RE: Yes, it did. Next, you’ll be smoking from a cigarette holder.

PB: I used to carry a Dunhill lighter. But since I never smoked a day in my life, it was an inexcusable affectation.

RE: A non-smoking lighter carrier. You’re a true sophisticate. You must hate the bawdiness of today’s cinema.

PB: Bawdiness. I like that word. I usually call flatulence jokes and sexually graphic situations crude and exploitive, but bawdiness works. Movies were never sophisticated. Once there was the pie-flinging Three Stooges. Now we have the anatomical antics of the AMERICAN PIE folks. We’ve come a long way, baby.

RE: Yeah, but there was once Cary Grant and William Powell.

PB: I stand corrected.

RE: Being a self-proclaimed sophisticate, who do you relate more to – Cary Grant or Hugh Grant?

PB: Adrian Monk. There, that should get girls to write in.

RE: Who was your screen hero?

PB: When I was in high school I was an unabashed John Wayne fan. But at 5’10”, and 118 lbs., I wisely chose not to imitate my screen idol. So, one day when I was sixteen, I happened across a TV showing of THE BAND WAGON. Fred Astaire gets off a train and walks into the station, singing and moving as only he could. I noticed how he conducted himself. Though he was a little guy and not all that handsome, he was the personification of class. He was elegant, charming, a well-dressed gentleman. From then on, that’s who I’d emulate. I got the walk down, wore well-fitted coats, and sported a neckerchief under my open shirt. During the early ‘70s you could wear a kerchief around your neck without anyone mistaking you for should I put this...

RE: Able to leap tall buildings in a single bound?

PB: Let me assure everyone, I got into theater to meet girls. Still rather like them.

RE: The neckerchief was accepted as a stylish accessory. You wanted to be classy, not swishy, correct?

PB: Let me make that perfectly clear!

RE: Still wear them?

PB: Are you kidding? It’s the era of ball caps and Larry the Cable Guy.

RE: Ah, do you like Larry the Cable Guy.

(A long, unyielding pause.)

RE: Okay, So, what’s the funniest movie of recent memory?

PB: AN INCONVENIENT TRUTH, starring Al Gore. Abbott and Costello had nothing on this guy.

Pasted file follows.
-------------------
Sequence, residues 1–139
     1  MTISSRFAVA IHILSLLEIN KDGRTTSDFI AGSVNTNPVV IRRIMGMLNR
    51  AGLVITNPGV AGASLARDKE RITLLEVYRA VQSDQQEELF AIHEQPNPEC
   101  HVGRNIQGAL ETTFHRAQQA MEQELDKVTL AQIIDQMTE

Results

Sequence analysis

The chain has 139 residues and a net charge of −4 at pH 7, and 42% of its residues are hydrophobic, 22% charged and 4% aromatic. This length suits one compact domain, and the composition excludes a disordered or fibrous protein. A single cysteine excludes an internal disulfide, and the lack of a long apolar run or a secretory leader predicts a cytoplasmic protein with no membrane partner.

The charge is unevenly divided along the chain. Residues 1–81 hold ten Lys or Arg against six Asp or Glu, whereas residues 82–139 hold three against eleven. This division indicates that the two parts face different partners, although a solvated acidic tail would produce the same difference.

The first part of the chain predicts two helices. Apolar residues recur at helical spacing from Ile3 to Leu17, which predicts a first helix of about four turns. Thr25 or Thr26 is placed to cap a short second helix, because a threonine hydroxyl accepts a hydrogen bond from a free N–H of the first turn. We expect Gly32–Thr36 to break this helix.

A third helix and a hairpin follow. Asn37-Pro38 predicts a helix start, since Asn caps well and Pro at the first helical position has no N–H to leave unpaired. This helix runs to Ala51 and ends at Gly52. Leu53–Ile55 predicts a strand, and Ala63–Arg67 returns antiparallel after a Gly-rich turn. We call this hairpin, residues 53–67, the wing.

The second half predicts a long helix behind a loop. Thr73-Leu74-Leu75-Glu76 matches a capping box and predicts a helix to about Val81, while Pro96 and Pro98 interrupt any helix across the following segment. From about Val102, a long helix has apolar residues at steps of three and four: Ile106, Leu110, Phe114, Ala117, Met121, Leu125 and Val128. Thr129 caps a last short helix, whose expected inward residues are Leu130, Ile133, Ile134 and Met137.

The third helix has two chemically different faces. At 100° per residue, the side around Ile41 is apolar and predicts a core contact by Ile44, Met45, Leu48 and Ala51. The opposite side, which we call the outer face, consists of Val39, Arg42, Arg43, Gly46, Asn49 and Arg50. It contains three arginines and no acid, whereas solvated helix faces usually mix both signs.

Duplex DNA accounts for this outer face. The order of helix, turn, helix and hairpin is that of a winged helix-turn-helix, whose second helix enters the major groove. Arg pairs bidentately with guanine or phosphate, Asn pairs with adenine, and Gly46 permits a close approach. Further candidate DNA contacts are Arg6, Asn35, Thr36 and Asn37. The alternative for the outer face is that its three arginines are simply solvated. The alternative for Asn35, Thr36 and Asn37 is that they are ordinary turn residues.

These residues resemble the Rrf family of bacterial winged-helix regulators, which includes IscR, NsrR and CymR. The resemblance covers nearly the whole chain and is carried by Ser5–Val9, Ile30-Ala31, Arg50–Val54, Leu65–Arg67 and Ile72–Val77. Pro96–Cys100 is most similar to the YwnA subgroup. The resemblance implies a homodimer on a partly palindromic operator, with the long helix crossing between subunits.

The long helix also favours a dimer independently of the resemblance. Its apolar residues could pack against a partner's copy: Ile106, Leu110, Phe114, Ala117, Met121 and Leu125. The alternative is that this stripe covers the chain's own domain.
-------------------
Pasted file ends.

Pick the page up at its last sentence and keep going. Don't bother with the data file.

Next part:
RE: Pretty harsh.

PB: Just kidding. But I mistrust life-long politicians with a cause. The docucomedy seemed as much about the ex-VP as our ecological situation. I especially loved all the “private” moments interjected throughout as Mr. Gore thoughtfully stared off into space, giving viewers the impression he was contemplating the precarious fate of the world…He was probably envisioning a Big Mac.

RE: Would you feel differently if the film had been hosted by a Republican?

PB: Like that’ll ever happen. When’s the last time you saw a positive portrait of a Republican in the movies? Heck, they won’t even make a movie about Lincoln.

RE: So, you must have had problems with George Clooney’s GOOD NIGHT, AND GOOD LUCK.

PB: Not since Leni Riefenstahl’s TRIUMP OF THE WILL has a film been so proudly employed as a tool for indoctrination. But I’ll say one thing for George Clooney. He’s a real movie star. Handsome, good actor. I just wish he wouldn’t profane God’s name in every film.

RE: That’s a pet peeve of yours, profanity in films.

PB: God warned us not to misuse His name, and he didn’t give storytellers immunity.

RE: Filmmakers would argue that people talk that way in today’s culture.

PB: Yeah, I’m sure that will be Clooney’s argument when he stands before the Creator. I’ll buy a ticket for that match.

Rex Ebert is a descendant of Rexus Ebertus, the first entertainment critic in recorded history. During the rule of Julius Caesar, Ebertus covered the coliseum festivities and if he was critical of that day’s revelry, well, his thumbs-down was way final.

Okay, okay it was a joke meant to let you folks know that I don’t take myself too seriously.  Rest assured I believe that while we can occasionally find truth in movies, I believe that truth can always be found in God’s Word.  While I hope you find my opinions a fun read, it is my prayer that the provided synopsis and content of each new release will aid you in making informed movie going choices.

Please pray that God will direct me.

May God bless you.

Phil Boatwright